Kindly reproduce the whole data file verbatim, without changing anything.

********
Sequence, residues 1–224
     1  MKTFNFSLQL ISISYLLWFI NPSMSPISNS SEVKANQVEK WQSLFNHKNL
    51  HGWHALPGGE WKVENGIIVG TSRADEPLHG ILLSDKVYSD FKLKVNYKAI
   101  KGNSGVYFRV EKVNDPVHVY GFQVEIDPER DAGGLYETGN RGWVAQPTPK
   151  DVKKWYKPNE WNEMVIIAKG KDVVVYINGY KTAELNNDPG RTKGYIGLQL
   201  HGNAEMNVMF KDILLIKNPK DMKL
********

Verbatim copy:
Sequence, residues 1–224
     1  MKTFNFSLQL ISISYLLWFI NPSMSPISNS SEVKANQVEK WQSLFNHKNL
    51  HGWHALPGGE WKVENGIIVG TSRADEPLHG ILLSDKVYSD FKLKVNYKAI
   101  KGNSGVYFRV EKVNDPVHVY GFQVEIDPER DAGGLYETGN RGWVAQPTPK
   151  DVKKWYKPNE WNEMVIIAKG KDVVVYINGY KTAELNNDPG RTKGYIGLQL
   201  HGNAEMNVMF KDILLIKNPK DMKL